Fed Seeks Sweeping Changes to Bank Rules in Aftermath of SVB Failure

The Federal Reserve’s bank-supervision chief called for an extensive reevaluation of how the institution oversees US financial firms following the failure of Silicon Valley Bank.

Source: Bloomberg | Published on April 28, 2023

Fed banking regulations

The Federal Reserve’s bank-supervision chief called for an extensive reevaluation of how the institution oversees US financial firms following the failure of Silicon Valley Bank, which he blamed on the company’s weak risk management and supervisory foot-dragging by the Fed.

The central bank will revisit the range of rules that apply to firms with more than $100 billion in assets, including stress testing and liquidity requirements, Michael Barr, the Fed’s vice chair for supervision, said in a letter accompanying a lengthy report released in Washington on Friday. SVB’s failure demonstrated the need for stronger standards applied to a broader set of firms, Barr said.

He also suggested the regulator could require additional capital or liquidity, or limit share buybacks, dividend payments or executive compensation, at firms with inadequate capital planning and risk management.

“Following SVB’s failure, we must strengthen the Federal Reserve’s supervision and regulation based on what we have learned,” Barr said. “This report represents the first step in that process.”

The 102-page report provides the clearest picture yet of how rapidly the situation at SVB deteriorated and the various factors behind its quick collapse. It also shows regulators were aware of most of the bank’s lurking issues, but by the time they took steps toward decisive action, it was too late.

At the same time, the report blames the approach under Barr’s predecessor Randal Quarles, who served as Fed vice chair for supervision from 2017 to 2021 and led the Fed’s effort to “tailor” regulations for mid-size and regional lenders, following 2018 legislation that eased rules for those firms.

Secret Process

The document represents one of the most detailed looks to date at how the Fed supervised an individual bank, a process that is often shrouded in secrecy and confidentiality. The Fed’s Board “has determined that releasing this information is in the best interest of the public,” the report said.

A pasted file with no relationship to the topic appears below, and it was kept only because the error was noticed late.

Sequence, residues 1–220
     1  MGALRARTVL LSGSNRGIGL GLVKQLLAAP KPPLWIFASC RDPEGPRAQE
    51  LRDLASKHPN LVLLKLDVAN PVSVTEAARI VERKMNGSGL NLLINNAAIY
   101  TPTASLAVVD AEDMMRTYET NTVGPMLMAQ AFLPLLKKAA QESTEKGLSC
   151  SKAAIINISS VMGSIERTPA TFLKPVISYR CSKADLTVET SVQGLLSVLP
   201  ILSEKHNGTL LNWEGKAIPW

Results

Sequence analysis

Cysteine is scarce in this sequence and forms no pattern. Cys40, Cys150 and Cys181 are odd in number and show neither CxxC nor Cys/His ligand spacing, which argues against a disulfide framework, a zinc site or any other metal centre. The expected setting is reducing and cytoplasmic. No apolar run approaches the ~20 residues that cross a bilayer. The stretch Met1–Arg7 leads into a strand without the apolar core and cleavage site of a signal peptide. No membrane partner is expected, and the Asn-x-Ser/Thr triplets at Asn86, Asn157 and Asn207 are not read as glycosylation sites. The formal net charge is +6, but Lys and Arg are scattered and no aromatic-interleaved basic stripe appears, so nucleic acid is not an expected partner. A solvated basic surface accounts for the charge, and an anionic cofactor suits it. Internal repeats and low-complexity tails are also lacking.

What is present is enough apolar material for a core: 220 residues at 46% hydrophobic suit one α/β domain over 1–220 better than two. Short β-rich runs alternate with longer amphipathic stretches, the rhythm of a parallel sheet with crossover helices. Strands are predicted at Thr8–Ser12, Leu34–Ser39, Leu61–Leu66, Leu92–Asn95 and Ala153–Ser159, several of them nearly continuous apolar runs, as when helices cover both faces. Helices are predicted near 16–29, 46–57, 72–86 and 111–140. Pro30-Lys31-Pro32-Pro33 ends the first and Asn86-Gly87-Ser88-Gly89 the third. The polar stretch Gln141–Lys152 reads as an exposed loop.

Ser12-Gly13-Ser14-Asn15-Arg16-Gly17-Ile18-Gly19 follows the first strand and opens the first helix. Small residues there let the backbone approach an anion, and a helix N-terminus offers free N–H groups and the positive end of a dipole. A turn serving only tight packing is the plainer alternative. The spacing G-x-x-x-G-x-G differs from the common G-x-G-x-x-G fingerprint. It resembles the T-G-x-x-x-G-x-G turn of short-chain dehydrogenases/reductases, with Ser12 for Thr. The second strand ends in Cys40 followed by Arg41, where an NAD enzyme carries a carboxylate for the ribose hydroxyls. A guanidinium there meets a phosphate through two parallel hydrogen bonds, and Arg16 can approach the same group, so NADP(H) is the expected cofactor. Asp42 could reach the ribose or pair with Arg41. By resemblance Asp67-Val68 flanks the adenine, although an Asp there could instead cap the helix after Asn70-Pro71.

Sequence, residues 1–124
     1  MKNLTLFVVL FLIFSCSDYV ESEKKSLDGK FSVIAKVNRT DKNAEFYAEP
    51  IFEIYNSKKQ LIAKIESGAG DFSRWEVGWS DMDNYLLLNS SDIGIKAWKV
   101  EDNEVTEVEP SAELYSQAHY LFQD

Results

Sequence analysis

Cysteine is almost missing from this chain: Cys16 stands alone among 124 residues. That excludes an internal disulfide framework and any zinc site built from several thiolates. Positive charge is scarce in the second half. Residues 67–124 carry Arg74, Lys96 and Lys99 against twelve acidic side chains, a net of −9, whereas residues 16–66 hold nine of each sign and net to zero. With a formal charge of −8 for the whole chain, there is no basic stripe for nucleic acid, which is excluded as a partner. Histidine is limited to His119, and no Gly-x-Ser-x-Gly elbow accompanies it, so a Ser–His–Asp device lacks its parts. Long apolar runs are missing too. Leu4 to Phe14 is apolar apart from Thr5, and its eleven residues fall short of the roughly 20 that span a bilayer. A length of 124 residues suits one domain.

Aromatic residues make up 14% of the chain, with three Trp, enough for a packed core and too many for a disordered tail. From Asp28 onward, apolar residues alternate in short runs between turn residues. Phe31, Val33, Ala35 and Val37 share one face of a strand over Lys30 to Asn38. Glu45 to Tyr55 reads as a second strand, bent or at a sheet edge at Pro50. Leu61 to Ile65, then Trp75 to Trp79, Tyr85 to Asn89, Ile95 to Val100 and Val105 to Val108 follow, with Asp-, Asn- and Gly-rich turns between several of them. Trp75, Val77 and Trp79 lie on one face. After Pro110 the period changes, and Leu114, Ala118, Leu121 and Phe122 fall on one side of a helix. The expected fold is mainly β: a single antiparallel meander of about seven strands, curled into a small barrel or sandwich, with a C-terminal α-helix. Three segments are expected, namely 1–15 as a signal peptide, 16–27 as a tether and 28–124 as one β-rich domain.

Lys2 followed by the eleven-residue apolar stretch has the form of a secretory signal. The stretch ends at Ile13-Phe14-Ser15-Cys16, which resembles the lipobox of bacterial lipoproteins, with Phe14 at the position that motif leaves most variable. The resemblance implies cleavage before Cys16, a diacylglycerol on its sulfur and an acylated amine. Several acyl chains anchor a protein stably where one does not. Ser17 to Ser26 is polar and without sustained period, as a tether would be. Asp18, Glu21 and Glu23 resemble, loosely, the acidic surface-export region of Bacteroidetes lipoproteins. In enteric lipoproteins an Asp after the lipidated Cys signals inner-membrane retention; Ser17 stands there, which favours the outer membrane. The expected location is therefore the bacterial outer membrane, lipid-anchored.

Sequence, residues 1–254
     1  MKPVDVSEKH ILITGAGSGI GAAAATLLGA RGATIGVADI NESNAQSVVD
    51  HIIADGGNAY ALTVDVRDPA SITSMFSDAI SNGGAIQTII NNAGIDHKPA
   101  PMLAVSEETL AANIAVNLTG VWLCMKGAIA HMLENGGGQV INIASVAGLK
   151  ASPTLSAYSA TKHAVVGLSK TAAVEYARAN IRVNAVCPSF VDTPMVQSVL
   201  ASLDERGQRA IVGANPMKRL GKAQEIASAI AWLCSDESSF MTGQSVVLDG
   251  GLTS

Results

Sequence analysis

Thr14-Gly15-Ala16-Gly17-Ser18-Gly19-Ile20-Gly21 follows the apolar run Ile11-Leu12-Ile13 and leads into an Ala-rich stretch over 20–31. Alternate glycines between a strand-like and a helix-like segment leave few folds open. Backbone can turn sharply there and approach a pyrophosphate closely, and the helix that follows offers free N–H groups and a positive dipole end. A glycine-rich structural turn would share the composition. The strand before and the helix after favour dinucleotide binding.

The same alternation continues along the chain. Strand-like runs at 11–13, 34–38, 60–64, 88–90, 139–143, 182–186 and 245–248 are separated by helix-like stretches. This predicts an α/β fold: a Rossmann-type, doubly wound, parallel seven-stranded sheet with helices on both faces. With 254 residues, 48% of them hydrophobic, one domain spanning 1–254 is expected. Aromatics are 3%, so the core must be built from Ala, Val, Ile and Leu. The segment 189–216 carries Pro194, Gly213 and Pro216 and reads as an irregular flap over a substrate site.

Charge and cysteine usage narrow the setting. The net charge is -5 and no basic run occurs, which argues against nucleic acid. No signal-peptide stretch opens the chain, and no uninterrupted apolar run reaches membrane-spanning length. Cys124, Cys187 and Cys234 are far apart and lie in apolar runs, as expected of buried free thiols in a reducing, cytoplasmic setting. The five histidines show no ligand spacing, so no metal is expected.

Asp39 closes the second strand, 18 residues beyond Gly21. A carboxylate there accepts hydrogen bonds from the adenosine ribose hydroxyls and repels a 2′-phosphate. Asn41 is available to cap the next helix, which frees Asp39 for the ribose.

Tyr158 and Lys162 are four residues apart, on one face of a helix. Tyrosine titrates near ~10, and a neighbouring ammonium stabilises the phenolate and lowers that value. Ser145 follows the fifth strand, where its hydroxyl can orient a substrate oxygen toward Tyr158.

Barr said the Fed would reevaluate how it supervises and regulates a bank’s management of interest-rate liquidity risks, and said it should consider applying standardized liquidity rules to a broader set of firms. He also said the Fed should require a broader set of firms to take into account unrealized gains or losses on available-for-sale securities, “so that a firm’s capital requirements are better aligned with its financial positions and risk.”

The Fed will seek comment on such proposals soon, Barr said, though he noted that any such rules would not take effect for several years. Other possible steps will follow later.

Barr also called for changes to improve “the speed, force and agility of supervision,” including more continuity in how the Fed oversees banks of different sizes, so firms will be ready to quickly comply with heightened supervisory standards as they grow, and stronger penalties for banks that fall short of supervisory standards.

For example, he suggested that the Fed could more quickly require banks to raise capital if deficiencies are found.

“Higher capital or liquidity requirements can serve as an important safeguard until risk controls improve, and they can focus management’s attention on the most critical issues,” he said. “As a further example, limits on capital distributions or incentive compensation could be appropriate and effective in some cases.”

In a briefing with reporters, a senior Fed official said many of the changes would not require legislative approval.

Republican Pushback

Still, the recommendations are likely to face fierce resistance from Republicans in Congress, as well as the banking industry. Representative Patrick McHenry, the GOP chairman of the House Financial Services Committee, called the report “self-serving” in a statement Friday.

“While there are areas identified by Vice Chair Barr on which we agree — including enhancing attention to liquidity issues, especially when a firm is rapidly growing — the bulk of the report appears to be a justification of Democrats’ long-held priorities,” including calls for more regulation, he said.

The Government Accountability Office also released a report Friday that was more critical of foot-dragging on SVB, saying the San Francisco Fed’s actions “lacked urgency.”